Designer Dustin Curtis was so disgusted with the American Airlines Web site that he redesigned it, and posted the results as an open letter to the company. Guess what? One of AA's designers responded with a long defense about why better design dies a slow death at places like AA.
As Curtis wrote: "If I was running a company with the distinction and history of American Airlines, I would be embarrassed—no ashamed—to have a Web site with a customer experience as terrible as the one you have now...Your Web site is abusive to your customers, it is limiting your revenue possibilities, and it is permanently destroying the brand and image of your company in the mind of every visitor." But it just took him a couple hours, starting with the original design, to produce a cleaner concept. Here, a before and after (check out the links for the full design):
Why doesn't such an obviously better design win out, at a place like AA? Here's what a one Mr. X, an experienced and, according to Curtis, quite competent UX designer, had to say for the company's feeble effort:
I saw your blog post titled "Dear AmericanAirlines," and I thought I'd drop a line. Sorry for the length of this email, but let me sum up the gist of what I've written below: You're right. You're so very right. And yet…
The problem with the design of AA.com, however, lies less in our competency (or lack thereof, as you pointed out in your post) and more with the culture and processes employed here at American Airlines
Let me explain. The group running AA.com consists of at least 200 people spread out amongst many different groups, including, for example, QA, product planning, business analysis, code development, site operations, project planning, and user experience. ...Anyway, I guess what I'm saying is that AA.com is a huge corporate undertaking with a lot of tentacles that reach into a lot of interests. It's not small, by any means.
Oh how I wish we were, though! Imagine the cool stuff we could do if we could operate more like 37signals and their Getting Real philosophy)! We could turn on a dime. We could just say "no" to new feature requests. We could eliminate "stovepiped" positions. We could cut out a lot of the friction created when so many organizations interact with each other. We could even redesign the AA.com home page without having to slog through endless review and approval cycles with their requisite revisions and re-reviews.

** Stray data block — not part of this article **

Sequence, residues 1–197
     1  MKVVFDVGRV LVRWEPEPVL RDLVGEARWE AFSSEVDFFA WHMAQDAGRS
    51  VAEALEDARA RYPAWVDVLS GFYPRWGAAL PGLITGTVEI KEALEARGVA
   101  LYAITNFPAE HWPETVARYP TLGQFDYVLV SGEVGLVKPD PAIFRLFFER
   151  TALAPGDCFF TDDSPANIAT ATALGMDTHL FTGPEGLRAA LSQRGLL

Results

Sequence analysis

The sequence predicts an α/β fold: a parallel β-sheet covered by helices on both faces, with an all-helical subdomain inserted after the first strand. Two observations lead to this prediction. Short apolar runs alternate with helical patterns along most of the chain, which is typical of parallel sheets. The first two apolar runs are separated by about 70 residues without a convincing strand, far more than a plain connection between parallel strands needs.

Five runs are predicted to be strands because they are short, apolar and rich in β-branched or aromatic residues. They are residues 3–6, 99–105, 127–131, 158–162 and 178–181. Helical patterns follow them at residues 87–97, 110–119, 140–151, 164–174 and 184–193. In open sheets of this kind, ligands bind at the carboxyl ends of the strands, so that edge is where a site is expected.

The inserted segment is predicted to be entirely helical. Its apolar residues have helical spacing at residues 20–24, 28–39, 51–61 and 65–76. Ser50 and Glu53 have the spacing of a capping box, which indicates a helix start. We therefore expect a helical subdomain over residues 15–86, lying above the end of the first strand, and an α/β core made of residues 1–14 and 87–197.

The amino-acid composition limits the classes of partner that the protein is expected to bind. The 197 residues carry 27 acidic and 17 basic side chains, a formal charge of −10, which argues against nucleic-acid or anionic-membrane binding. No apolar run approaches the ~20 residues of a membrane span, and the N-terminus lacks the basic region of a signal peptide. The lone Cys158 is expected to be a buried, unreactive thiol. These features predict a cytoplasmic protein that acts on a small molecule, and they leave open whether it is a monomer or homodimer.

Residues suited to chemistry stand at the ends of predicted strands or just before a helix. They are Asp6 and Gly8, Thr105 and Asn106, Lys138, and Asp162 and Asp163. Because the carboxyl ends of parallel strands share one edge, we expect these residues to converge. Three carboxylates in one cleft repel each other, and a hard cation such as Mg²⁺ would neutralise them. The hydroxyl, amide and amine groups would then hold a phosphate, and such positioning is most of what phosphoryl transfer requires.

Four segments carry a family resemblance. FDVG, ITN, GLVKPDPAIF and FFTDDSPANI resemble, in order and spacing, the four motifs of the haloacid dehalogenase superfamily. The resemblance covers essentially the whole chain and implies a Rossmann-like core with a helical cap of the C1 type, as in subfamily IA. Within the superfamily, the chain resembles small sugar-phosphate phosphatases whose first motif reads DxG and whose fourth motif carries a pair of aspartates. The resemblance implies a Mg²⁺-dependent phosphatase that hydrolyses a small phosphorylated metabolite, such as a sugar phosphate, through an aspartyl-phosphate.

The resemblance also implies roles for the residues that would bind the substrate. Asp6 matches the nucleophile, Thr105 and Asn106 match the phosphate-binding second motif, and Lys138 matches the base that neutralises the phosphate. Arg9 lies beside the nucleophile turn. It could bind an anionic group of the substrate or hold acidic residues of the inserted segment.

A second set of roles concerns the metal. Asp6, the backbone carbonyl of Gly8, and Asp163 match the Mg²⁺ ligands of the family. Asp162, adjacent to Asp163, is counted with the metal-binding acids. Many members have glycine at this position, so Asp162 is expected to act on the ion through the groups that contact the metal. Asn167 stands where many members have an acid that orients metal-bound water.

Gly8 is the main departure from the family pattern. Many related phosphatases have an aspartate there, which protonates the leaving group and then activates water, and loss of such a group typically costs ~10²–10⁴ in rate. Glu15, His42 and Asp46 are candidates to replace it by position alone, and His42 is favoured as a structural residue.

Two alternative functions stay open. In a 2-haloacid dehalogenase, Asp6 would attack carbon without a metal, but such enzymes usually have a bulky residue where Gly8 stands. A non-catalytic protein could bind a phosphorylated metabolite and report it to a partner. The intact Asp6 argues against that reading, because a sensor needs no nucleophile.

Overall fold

But—and I guess here's the thing I most wanted to get across—simply doing a home page redesign is a piece of cake.
A pretty sad state of affairs, which reminds us of this interesting piece in Product Design & Development, which, as Core 77 points out, illustrates just how ugly and dysfunctional the design process is in many corporate settings:
The biggest challenge to better design isn't getting better designers. The problem is organizational, and the hub-and-spoke decision-making process that was originally created to slash bureaucracy—that is, to create more decentralized decisions and less hierarchy. But the overriding weakness, which design thinking makes manifest, is that good design is necessarily the product of a heavily centralized structure. Great design at places such as Apple isn't about "empowering decision makers" or whatever that lame B-school buzzword is. It's about awarding massive power and self-determination to those with the most cohesive vision—that is, the designers. Those are the people with the best idea of what customers want. That's the essence of "design thinking." If you were to summarize just how ugly—and self-defeating—the alternative can be, AA's Web site would be a smoking gun.